International cotton prices moved in a wide range during November, influenced by sharp fluctuations in New York. The Cotlook A Index began the period at its low point of 89.20 US cents per lb, and climbed to a high of 105.75 cents mid-month, before edging lower to end slightly below the dollar mark.
Downstream textile demand remained slow during the month, impacted by the persistently gloomy outlook with regard to consumer demand for discretionary items, and hence buying interest for both raw cotton and cotton yarn was subdued in most markets. Unsold yarn stocks accumulated, and spinners were not keen to add to their lint inventories in the face of both a weak demand environment and the volatile behaviour of raw cotton replacements costs. In addition, the strength of the US dollar meant that currency reserves ran low in many of the main consuming countries and banks were generally less willing to open Letters of Credit and extend finance to mills.
A tentative improvement in import demand was noted in a few Far Eastern markets, mainly for fourth-quarter shipment. Mills in Vietnam were keen to maintain their operations, even at a reduced capacity, in order to retain workers in anticipation of a revival of the downstream sector in the first quarter of 2023. However, the little demand in evidence was largely directed to ex-warehouse supplies or cotton available for nearby delivery, with no signs of a greater upturn in terms of forward purchases.
Spinners in Pakistan, previously the most active import market, tended to retreat to the sidelines. The consensus among trade observers is that spinners will have to re-enter the market at some point, owing to the short local crop (which is estimated to be some 40 percent lower than last season), but buyers were in no rush to make purchasing decisions during much of November. Meanwhile in Bangladesh, following a protracted period of very slow sales, a slightly brighter picture began to emerge in the apparel sector. Export customers were enquiring for goods for the spring season. However, price ideas were depressed, and the pace of orders remained well below its usual level.
Market participants were encouraged by news late in the month of an easing of China’s Covid restrictions in some major cities. Flights and railway transportation were partially restored in Xinjiang, and some provinces resumed normal production. However, a notable reversal of China’s cautious approach to import purchases is yet to emerge.
Indeed, US export reports released during the month reflected the poor state of import demand, even on the fringes of the US Sourcing Summit, which took place mid-month, and usually provides an opportunity for considerable volumes of business in US lint to be concluded. The additions indicated were very modest, while a considerable net reduction recorded in the week ended November 17 partially offset those gains resulting in an increase over the four-week period under review of just 71,000 running bales of upland cotton. The greater part of the mid-month reduction was attributed to Chinese buyers, who slashed their commitment by 109,500 bales, although decreases were also noted for Pakistan and some smaller markets.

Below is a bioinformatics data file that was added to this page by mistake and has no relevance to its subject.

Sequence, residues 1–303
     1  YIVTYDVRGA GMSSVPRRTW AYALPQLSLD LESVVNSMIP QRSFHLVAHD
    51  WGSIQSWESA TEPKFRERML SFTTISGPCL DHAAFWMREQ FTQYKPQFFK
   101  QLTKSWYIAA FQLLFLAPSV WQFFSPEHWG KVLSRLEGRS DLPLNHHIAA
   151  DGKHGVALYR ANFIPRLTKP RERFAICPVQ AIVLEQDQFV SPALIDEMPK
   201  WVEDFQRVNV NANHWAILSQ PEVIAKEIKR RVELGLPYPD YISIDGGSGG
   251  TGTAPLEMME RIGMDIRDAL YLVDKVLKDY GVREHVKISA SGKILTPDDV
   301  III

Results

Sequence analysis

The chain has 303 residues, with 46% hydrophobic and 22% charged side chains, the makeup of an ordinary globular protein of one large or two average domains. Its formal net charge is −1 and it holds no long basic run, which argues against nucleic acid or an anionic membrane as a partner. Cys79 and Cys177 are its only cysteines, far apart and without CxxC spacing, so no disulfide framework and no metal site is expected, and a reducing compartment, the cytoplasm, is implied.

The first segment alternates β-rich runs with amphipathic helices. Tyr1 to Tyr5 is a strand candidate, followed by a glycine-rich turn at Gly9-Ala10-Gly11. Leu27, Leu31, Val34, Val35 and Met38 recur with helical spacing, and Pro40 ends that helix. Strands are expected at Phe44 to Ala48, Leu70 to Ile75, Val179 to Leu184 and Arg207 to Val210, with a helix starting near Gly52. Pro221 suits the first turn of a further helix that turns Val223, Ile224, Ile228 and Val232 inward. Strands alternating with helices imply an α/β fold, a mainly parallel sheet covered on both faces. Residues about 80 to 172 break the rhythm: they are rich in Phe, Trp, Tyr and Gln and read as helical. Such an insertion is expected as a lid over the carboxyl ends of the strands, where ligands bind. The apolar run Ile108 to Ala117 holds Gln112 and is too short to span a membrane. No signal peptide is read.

However, on the face of things the US balance sheet maintained its bullish appearance. Total commitments by the end of November were equal to roughly 73 percent of USDA’s export forecast for the season (12.5 million statistical bales of 480 lbs). That figure of course includes a substantial volume of unshipped commitments carried over from last season. Stocks by the end of 2022/23 are estimated by USDA at an historically low three million bales at the time of writing, with the potential to fall further, if Washington, as some observers anticipate, reduces its crop number in the December assessment of domestic production and consumption.
Cotlook’s November assessment of global supply and demand included relatively modest changes, compared to the earlier months of this season. World production was raised by 48,000 tonnes, to 24,852,000 tonnes, representing a fall of 190,000 from 2021/22. Increases were noted for Turkey (where firm prices during the planting season contributed to a greater sown area, and good weather facilitated crop development), and the US (informed by a higher estimate of output from USDA). Our figure for Australia underwent a reduction, as the very heavy rains and flooding over much of the growing belt delayed sowing of the cotton crop beyond the optimum window.
Our estimate of global consumption was reduced by a further 170,000 tonnes, to be placed at 23,639,000, more than three million tonnes below our initial estimate released in February of this year. The change was attributable entirely to India, which was the latest country where the well documented difficulties on the demand side of the market came into clearer focus.
As a result of the above adjustments, Cotlook’s November numbers indicated an increase of global stock levels of over 1.2 million tonnes by the end of the current season, compared with a rise of 995,000 tonnes a month earlier.